Analysis: Clinton shows he is Obama's most valuable weapon
CHARLOTTE, North Carolina
CHARLOTTE, North Carolina (Reuters) - Former President Bill Clinton made a more comprehensive case for President Barack Obama's re-election in 49 minutes on Wednesday than the rest of the speakers at the Democratic Convention could muster in the 11-1/2 hours that preceded him.
In a detailed and passionate endorsement of his former rival, Clinton amplified the central argument of Obama's campaign: that voters face a choice between Democratic policies that lead to broad prosperity or Republican policies that benefit the wealthy at the expense of everyone else.
But he didn't stop there.
Frequently veering from his prepared remarks, Clinton tackled important topics that have been largely absent from this tightly scripted convention.
He praised Obama's 2009 stimulus, his expansion of college aid, and his efforts to boost renewable energy. He explained how Obama's healthcare law would benefit ordinary Americans, and warned that Republican healthcare cuts would hurt the poorest and most vulnerable members of society. He argued that Republicans would deepen the country's fiscal woes and prevent more people from voting.
He unraveled Republican attacks on Medicare spending and welfare that have been deemed misleading by independent fact-checkers and warned that proposed Republican cuts to healthcare would hurt the poor and disabled, not just the middle class.
And he tackled a question that initially flummoxed Obama aides when Republicans pressed it last weekend: Are Americans better off than they were four years ago?
"The answer is yes," Clinton said. "But too many people are not feeling it yet."
A MODEL FOR OTHER DEMOCRATS
Clinton's arguments are sure to be a template for other Democrats during the two months leading to the November 6 election, said Samuel Popkin, author of "The Candidate: What it Takes to Win - and Hold - the White House."
"He did a better job of messaging Obama than the Obama people have done," said Popkin, a professor at the University of California-San Diego.
Though Clinton is rarely concise, Democrats and Republicans alike say he has few equals when it comes to explaining complicated subjects.
"It was what we needed to put things in plain English so people understand," said Florida delegate Kevin Muth.
Obama has had less success on that front.
Economists say his 2009 stimulus created millions of jobs, but most voters view it as a failure. Polls show that most Americans like many aspects of his 2010 healthcare law, but they don't like the overall package.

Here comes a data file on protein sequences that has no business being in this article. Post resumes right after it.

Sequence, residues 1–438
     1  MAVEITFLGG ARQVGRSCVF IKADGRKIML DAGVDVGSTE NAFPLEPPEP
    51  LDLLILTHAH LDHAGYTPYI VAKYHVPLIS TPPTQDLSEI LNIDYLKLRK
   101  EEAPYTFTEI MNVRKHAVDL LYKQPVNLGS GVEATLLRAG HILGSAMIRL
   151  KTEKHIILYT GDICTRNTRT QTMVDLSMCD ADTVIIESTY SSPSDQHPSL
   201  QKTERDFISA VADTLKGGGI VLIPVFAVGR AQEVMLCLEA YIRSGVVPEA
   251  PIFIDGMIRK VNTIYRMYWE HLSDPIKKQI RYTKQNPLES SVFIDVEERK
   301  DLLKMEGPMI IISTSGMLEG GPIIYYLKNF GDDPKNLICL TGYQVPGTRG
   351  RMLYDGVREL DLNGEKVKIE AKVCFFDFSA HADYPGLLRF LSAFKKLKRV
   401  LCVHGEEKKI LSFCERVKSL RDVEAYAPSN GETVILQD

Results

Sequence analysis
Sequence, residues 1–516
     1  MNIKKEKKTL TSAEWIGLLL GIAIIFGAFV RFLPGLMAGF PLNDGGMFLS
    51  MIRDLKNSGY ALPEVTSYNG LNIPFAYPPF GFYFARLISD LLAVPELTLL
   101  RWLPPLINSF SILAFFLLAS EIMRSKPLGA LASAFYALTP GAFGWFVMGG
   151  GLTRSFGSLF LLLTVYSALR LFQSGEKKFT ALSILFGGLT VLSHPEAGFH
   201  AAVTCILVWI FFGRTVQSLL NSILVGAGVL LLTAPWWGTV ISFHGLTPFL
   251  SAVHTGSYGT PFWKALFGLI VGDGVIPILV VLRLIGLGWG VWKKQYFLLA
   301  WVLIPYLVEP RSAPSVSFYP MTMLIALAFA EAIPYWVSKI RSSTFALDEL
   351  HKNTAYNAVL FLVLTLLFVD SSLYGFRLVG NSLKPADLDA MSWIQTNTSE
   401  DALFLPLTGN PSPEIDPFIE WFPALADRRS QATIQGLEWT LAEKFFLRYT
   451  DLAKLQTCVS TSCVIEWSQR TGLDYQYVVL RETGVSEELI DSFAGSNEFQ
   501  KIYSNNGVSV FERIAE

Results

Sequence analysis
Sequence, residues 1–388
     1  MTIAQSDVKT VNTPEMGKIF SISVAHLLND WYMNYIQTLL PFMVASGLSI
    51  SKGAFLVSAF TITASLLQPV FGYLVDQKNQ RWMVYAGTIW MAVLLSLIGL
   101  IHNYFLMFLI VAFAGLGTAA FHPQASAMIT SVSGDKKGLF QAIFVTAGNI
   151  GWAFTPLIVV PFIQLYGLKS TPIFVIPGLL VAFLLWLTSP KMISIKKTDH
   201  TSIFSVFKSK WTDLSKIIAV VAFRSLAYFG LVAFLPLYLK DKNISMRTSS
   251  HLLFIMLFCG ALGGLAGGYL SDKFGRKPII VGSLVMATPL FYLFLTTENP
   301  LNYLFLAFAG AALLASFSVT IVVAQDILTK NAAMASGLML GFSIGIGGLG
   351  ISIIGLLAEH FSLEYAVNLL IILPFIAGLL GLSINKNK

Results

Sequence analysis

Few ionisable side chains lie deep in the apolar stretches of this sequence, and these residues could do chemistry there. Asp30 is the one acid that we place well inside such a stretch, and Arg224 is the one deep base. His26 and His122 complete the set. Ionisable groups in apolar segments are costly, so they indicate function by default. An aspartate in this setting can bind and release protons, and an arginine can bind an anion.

And his overhaul of financial regulations won him many enemies on Wall Street, but gained little traction among the general public.
Republicans used this complexity to their advantage as they portrayed the stimulus as a green-energy boondoggle and turned "read the bill" into a rallying cry against the complicated health-care overhaul.
Obama's Republican rival for the presidency, former Massachusetts governor Mitt Romney, has steered clear of specifics on the campaign trail and explained his proposals to cut spending and simplify the tax code only in broad strokes.
Clinton argued that while the details may not be known, Romney's policies would either balloon the national debt, shift more of the tax burden to the middle class or hollow out programs such as child nutrition and transportation.
Otherwise, the math doesn't add up, he said.
"I'm just a country boy from Arkansas and I came from a place where people thought two and two equals four," Clinton told the delegates.
Many of the convention's speakers have focused on a handful of topics, such as reproductive rights and amnesty for the children of illegal immigrants, that appeal to important elements of the Democratic base.
Clinton aimed for a wider audience.
By tackling the entirety of Obama's record and Romney's proposals, Clinton sought to win independent voters who are still unsure whether they will see improvement if they give Obama another four years in office.
"Bill Clinton is the cleanup hitter and is aiming at the center of the electorate," said Hunter College political-science professor Andrew Polsky.